NICK_USER PING PONG 001/005 001/005 JOIN USERHOST 302 EST NICK KICK PART/QUIT 353 PRIVMSG/NOTICE/TOPIC rejoin reset action Fig. 353: return code that indicates that the bot has successfully joined the IRC channel. Figure 1.. respond with a PONG. send a JOIN message followed by a USERHOST request to obtain the hostname. The bot begins by establishing a connection to the IRC server through the following steps: (i) send NICK (name) and USER (name) to login to the server. • SDBot: The command language implemented in SDBot is essentially a lightweight version of IRC. 1.e. . NICK: if master’s nickname is replaced. PART (or QUIT): resets the master if the master parts or quits. This can be used to deny service on a particular IRC server. (iv) wait for a 302 response that indicates a connection is established. (iii) when connected to the server (i. return code 001 or 005). 2. (v) listen and react to commands sent by the master which can include the following: 1. Additional features supported by SDBot but absent from Agobot include IRC cloning and spying. Otherwise the bot resets the master if the master is kicked. 4. KICK: the bot rejoins the channel if it is kicked off.1. Typical interaction between an SDBot and IRC server.2. Cloning is when a bot connects to an IRC channel multiple times. then it is updated on the bot. Spying is simply the act of logging activity on a specified IRC channel. The bot then expects all other commands will be sent as part of the PRIVMSG. The commands available in SDBot are listed in Table 1.1 illustrates the state transition sequence of a compromised host interacting with an IRC server. NOTICE or TOPIC IRC messages. 3. (ii) if a PING is received.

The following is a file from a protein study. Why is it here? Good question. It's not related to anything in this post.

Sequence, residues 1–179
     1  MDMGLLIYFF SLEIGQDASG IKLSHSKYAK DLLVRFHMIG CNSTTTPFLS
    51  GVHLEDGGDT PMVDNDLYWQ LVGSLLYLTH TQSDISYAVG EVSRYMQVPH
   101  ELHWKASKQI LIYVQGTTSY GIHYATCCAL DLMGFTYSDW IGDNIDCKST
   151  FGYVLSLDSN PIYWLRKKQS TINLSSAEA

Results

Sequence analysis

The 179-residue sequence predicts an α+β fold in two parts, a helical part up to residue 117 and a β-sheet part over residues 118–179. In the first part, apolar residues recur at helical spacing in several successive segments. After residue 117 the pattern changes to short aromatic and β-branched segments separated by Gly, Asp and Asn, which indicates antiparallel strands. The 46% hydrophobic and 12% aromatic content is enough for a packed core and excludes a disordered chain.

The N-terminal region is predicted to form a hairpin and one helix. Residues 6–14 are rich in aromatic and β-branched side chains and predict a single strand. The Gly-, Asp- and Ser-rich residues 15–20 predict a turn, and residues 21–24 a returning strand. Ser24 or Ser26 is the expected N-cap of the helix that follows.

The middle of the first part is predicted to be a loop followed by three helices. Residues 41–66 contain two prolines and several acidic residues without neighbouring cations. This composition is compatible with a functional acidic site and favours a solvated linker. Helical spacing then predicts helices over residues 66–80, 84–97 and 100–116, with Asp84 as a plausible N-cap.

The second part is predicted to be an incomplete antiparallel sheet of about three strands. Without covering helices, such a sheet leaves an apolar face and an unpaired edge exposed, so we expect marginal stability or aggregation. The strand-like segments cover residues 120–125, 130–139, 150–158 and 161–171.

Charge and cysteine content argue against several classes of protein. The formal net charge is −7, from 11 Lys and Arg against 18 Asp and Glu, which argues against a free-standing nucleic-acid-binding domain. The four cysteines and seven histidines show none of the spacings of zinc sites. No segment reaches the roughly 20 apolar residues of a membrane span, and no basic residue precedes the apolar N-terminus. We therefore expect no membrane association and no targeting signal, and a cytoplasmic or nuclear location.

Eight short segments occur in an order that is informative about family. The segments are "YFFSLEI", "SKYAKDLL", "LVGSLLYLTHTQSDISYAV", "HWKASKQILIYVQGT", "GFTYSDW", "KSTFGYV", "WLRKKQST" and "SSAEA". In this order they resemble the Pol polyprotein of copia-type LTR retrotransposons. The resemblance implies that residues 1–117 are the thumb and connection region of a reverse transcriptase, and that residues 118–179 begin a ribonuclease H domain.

monitoring and shutting down botnet channels by hand is arduous. Command about action <channel/user>. and automated mechanisms for identifying botnet traffic are re- . Partial listing of the SDBot command language. This is likely due to the architecture of GT Bot which facilitates creation of versions with specific intent instead of developing a broad range of capabilities within a single line of the codebase. but it varies quite a bit across versions within this family. close IRC connection and stop running Disconnect from channel and reconnect in 30 minutes Return the bot ID Join specified channel with specified key Return a log of connections. NOTICE or TOPIC IRC commands. command> aliases cycle<N> <channel> die disconnect id join <channel> <key> log nick <newnick> part prefix quit raw <text> reconnect repeat <numtimes> <command> rndnick server <servername> status Clones and Spies clone <server><port><channel> c rndnick <threadnum> c raw <threadnum> <text> c quit <threadnum> c nick <threadnum> <nick> c privmsg <threadnum> <user> <text> c part <threadnum> <channel> c mode <threadnum> <channel> <mode> <user> c join <threadnum> <channel> c action <threadnum> <channel> <text> spy <nick> <server> <port> <channel> Description Displays information about the bot code Perform specified action on the channel Add an alias Return a current list of aliases Leave channel and return after N seconds Kill all threads. they already do). However.4. GT Bot uses IRC as its control infrastructure. logins and time stamps Changes bot’s nickname Part the specified channel Temporary change to bot’s IP prefix Quit the channel. The command language implemented in GT Bot is the simplest of all of those that we evaluated. GT Bot: Like the other families.Table 1. We provide a list of the commands supported by the GTBot-with-dcom source code used in our analysis in Table 1. and the mechanisms to pass and execute commands on bots are also identical.channel • • SpyBot: The command language implemented in SpyBot is quite simple and essentially represents a subset of the SDBot command language. <text> addalias <alias.port. The IRC connection set up protocol for SpyBot is the same as SDBot.2. Implications: Understanding command and control systems has direct and immediate implications for creation of methods and systems to disrupt botnets. Creates spy with specified nickname on server. kill threads and close the bot Send the following text to server Disconnect and reconnect to receive new nickname and ID Act as if command was received numtimes Change to random nickname Temporarily changes bot’s IRC server Echo with version number and bot’s uptime Create clone on specified channel Causes clone to change to random nickname Causes clone to send text to server Causes the clone/spy to quit the IRC server Causes the clone/spy to change its nickname Causes clone/spy to send message channel with text Causes clone/spy to part channel Causes clone to set a channel or user mode Causes clone/spy to join channel Causes clone/spy to perform an action to the specified channel. The commands available in SpyBot are listed in Table 1.3. The continued reliance on IRC as the foundation for botnet command and control means that IRC server operators can play a central role in blocking botnet traffic (anecdotally. These commands are passed to bots via the PRIVMSG.